Tsege Improves Family Nutrition with Thriving Moringa Farm

February 24, 2017

In the Mesqan region in the highlands of Ethiopia, The Hunger Project strongly promotes Moringa, the “miracle” tree. Its leaves are rich with vitamins and minerals that enhance the nutritional value of any daily meal. This tree is especially valuable for pregnant women, new moms and small children.

Tsege Nesk is a 50-year-old Moringa animator in her village. She lives in the village of Dobi Kebele with some of her children and grandchildren. For 25 years, ever since her husband passed away, she has supported herself and her family. She earns money by weaving and selling wicker mats and allowing one of her children to grow vegetables on her land. They sell the produce (peppers, this year) at the market and split the profit in half.

Tsege is an active volunteer in her village. She is a member of the epicentre committee and for the past year, as she says, “I am a Moringa animator too. I have been trained by The Hunger Project, and I know all about the nutritional value of Moringa – about grinding the leaves into a powder and how to use them in our meals.”

In the lowlands of Ethiopia, Moringa is a native plant and part of the daily diet. In the highlands, however, it’s much less common. So The Hunger Project handed out 3,500 Moringa tree seedlings in 2015 at Mesqan Epicentre. Most of these were planted in the common Moringa plantation, but Tsege also obtained ten seedlings. “In six months, I was able to harvest the first leaves. I kept five Moringa trees for my own use and from the others I sold the leaves at the market.”

Before Tsege had the seedlings, she used the leaves from the Moringa farm. During the pregnancy of her 18-year old daughter Mebrate, Tsege gave her tea from Moringa leaves every day. Two months ago, Mebrate delivered her son Abil. Following Ethiopian custom, Abil and his mother remain inside for the first three months of his life.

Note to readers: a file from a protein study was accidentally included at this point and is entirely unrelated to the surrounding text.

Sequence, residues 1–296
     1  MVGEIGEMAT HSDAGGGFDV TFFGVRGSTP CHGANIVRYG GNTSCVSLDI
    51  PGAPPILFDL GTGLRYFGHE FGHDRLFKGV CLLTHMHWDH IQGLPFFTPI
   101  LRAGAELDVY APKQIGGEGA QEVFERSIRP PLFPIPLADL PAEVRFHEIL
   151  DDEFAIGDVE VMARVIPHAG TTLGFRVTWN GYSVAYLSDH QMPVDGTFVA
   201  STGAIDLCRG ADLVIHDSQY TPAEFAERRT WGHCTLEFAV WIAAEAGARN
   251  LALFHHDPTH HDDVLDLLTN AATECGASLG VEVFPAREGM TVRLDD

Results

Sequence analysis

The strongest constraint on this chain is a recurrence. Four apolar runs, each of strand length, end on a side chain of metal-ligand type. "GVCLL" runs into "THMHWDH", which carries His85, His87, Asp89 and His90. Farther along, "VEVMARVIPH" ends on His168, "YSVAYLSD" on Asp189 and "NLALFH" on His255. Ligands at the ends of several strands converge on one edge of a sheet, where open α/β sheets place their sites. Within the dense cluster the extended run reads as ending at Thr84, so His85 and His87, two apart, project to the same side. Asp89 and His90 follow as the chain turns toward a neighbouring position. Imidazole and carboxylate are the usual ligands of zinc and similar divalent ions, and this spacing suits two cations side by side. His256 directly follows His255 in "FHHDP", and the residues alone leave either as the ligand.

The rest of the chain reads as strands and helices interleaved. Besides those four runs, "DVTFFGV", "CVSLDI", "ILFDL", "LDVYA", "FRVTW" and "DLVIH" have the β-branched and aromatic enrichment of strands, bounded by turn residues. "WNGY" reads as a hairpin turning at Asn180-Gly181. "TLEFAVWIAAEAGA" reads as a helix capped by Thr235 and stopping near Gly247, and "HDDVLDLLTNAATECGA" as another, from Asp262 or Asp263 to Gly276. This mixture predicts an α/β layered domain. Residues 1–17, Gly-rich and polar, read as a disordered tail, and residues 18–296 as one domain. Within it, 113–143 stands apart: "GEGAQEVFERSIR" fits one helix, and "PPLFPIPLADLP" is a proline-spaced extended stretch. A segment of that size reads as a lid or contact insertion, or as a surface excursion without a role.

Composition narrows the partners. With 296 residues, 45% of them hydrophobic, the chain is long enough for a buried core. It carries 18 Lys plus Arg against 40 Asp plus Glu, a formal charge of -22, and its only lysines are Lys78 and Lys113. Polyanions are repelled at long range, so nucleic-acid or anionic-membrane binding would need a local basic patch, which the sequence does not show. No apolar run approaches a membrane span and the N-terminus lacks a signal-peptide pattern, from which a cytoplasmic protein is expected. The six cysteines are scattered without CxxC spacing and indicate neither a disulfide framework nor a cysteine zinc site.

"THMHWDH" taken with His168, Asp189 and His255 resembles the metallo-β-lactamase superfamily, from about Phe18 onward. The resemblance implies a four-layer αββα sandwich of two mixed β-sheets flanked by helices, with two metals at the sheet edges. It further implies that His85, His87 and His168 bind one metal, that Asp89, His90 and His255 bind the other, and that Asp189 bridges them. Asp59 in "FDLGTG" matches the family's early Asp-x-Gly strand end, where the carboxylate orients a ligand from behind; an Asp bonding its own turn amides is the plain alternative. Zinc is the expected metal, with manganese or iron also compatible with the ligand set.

Tsege reports, “I still make Mebrate Moringa tea, every day. And with her milk, many valuable nutrients are passed on to Abil.”

Mebrate elaborates on prioritizing nutrition for her new-born, “I know it’s best for my son that during the first six months of his life I only breast feed him. That is what I learned during the workshops on the 1,000 Days program [at the epicentre].” These 1,000 days are counted from the first day of the pregnancy until the second birthday of a child. It has been proven that good food during this period is absolutely essential.

I love being a mother. For Abil I hope that he will finish primary school and then become a nurse. That was one of my dreams, but I married when I was 16, so I only finished primary school.”

In March 2016, 15,000 Moringa seeds at the epicentre farm were nursed into seedlings. Three months later, in June, these seedlings were distributed around the region, so that the villagers could plant them just before the rainy season. And in six months time, the Moringa will be ready to add to their daily diets.

In Benin The Hunger Project has been successfully using Moringa, the ‘miracle tree’ against malnutrition for years. Thanks to the Dutch National Postcode Lottery, The Hunger Project can extend this program to Ethiopia, Malawi and Uganda.

May 7th, 2016 The Hunger Project-the Netherlands and the Dutch National Postcode Lottery invited 1000 young parents for a Mama Moringa dinner in the Kromhout halls in Amsterdam. Because healthy and varied food is important for everybody – especially during the first 1000 days of a human life. www.mamamoringa.nl

Report by Mariken Stolk
Photo credit Johannes Odé

Q2 2016

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